Consumers may not feel so jolly once they head into this year’s holiday shopping season. According to a national survey by Experian, many respondents are concerned about the financial stress of gift buying and adding debt, as well as becoming an identity theft victim.
When it comes to their finances, a majority of survey respondents believe holiday shopping is a strain (60 percent), and almost half feel obligated to spend more than they can afford (41 percent). When asked how they feel about holiday shopping, 29 percent of respondents feel stressed and 21 percent feel overwhelmed. According to respondents, there are several reasons for the seasonal anxiety: It is difficult to stay within budget (38 percent), there is no extra money to buy gifts (35 percent), and 26 percent do not want more credit card debt.
Credit is the key for many consumers’ merry holiday, allowing them to get the gifts they desire. Respondents plan to spend an average of $806 for gifts. Forty-nine percent of surveyed consumers plan to use credit for almost a quarter of their expenditures; in fact, 12 percent of respondents plan to open a new credit card for holiday shopping. Unfortunately, missing payments or opening new cards can damage a consumer’s credit profile – ten percent of respondents say holiday shopping has negatively affected their credit scores.
“The holidays can prove to be a challenging time for many consumers trying to manage their finances,” said Rod Griffin, director of Public Education at Experian. “Credit is a useful tool if it is used wisely, but it’s best to create a budget and determine how much one can afford using credit so there are not overwhelming bills to pay in the New Year.”
Some respondents have taken that insight to heart, based on these credit-related New Year’s resolutions: pay off a credit card (28 percent), pay the full credit card balance each month (25 percent) and pay credit card debt on time (21 percent). Fourteen percent plan to check both their credit report and their credit score more often.
Identity theft is no gift
Identity theft and fraud can also damage a credit report and score. Fifty percent of respondents are concerned about identity theft during this holiday shopping season — almost 60 percent among those concerned are millennials, who have grown up in an age of digital crime.
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Consumers surveyed feel the risk is both present while shopping at “brick and mortar” retail locations or online with 55 percent choosing both as equally vulnerable. While 30 percent of respondents cite online shopping as riskier (30 percent), almost half still plan to shop online.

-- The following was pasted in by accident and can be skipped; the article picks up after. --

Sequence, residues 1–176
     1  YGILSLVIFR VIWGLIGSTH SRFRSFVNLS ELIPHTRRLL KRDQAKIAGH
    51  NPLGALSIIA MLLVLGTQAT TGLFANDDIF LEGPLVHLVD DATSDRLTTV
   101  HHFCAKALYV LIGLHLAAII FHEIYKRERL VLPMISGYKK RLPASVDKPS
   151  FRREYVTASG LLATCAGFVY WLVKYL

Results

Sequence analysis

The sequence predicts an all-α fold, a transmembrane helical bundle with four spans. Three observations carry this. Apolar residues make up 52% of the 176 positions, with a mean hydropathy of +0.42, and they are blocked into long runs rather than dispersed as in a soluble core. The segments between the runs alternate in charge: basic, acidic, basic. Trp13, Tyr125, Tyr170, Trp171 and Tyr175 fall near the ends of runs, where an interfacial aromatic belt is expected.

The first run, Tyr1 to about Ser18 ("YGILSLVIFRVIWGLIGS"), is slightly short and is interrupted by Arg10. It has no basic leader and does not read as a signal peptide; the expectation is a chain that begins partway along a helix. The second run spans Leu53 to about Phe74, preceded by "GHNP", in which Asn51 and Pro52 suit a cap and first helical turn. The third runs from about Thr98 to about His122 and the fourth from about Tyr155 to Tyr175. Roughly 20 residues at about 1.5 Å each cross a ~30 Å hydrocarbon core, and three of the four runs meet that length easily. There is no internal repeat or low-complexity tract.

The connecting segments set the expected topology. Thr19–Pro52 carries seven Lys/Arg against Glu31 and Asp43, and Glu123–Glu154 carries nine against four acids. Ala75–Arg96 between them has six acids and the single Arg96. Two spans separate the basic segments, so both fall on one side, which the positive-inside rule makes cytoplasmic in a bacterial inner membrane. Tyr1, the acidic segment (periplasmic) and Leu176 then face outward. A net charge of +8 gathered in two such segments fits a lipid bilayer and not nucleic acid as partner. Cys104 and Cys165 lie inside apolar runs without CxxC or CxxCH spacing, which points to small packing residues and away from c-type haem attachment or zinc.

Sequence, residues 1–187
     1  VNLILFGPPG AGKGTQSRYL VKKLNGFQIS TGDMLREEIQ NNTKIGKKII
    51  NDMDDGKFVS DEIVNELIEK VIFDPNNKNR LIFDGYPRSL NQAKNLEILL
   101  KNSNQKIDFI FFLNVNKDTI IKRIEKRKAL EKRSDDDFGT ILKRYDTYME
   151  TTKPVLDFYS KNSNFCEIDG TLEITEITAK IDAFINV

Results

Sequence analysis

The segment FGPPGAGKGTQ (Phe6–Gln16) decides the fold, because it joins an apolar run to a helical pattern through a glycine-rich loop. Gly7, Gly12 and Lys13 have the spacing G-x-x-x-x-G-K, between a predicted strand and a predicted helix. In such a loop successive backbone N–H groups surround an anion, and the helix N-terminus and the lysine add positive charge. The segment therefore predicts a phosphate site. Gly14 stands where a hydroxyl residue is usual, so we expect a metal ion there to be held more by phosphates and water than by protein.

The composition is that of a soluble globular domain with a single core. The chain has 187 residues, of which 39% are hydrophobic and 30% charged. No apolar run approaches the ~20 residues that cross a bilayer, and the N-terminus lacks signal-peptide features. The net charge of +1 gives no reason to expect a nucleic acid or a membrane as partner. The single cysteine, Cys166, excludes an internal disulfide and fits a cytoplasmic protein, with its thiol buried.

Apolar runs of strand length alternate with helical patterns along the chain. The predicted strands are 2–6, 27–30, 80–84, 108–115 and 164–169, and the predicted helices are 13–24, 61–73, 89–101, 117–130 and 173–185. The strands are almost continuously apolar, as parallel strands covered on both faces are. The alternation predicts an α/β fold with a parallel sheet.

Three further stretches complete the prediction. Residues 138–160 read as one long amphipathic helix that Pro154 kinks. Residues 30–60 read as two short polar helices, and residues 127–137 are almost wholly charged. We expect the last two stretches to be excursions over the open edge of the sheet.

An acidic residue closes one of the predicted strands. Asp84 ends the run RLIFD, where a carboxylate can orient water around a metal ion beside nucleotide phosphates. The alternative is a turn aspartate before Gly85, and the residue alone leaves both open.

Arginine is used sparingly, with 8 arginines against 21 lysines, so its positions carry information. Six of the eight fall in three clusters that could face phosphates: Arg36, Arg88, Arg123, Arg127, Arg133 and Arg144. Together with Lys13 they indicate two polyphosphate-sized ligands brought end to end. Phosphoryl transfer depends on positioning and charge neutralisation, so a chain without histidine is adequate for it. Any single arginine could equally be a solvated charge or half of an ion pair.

“Consumers understand more than ever before that their identities are at risk no matter how or where they shop,” said Michael Bruemmer, vice president of Experian Consumer Protection. “It’s important that they take steps to protect their information and check financial accounts more frequently during the holiday season so they can catch possible fraud quickly.”
Will consumers be naughty or nice with their spending?
- Unfortunately, 9 percent of respondents plan to pay off their credit card charges late
- Only 43 percent of respondents plan to have a budget this year
- However, more than half of respondents have saved 52 percent of their total shopping budget
- Almost a quarter of surveyed consumers will use reward points to buy gifts (22 percent)
Consumers will use a mix of payment approaches
- A majority of respondents will pay cash to purchase gifts (53 percent)
- Almost half of surveyed consumers will use a major credit card (49 percent)
- Eighteen percent of respondents will use a store credit card
What precautions will consumers take to protect their identities?
- Fifty-four percent of respondents anticipate shopping only on personal internet connections or networks
- Fifty-two percent of respondents will check to see if the site is secure
- Fifty-one percent of respondents log out of personal accounts after shopping.
- Forty-eight percent of surveyed consumers will go to websites directly instead of clicking on links – Source
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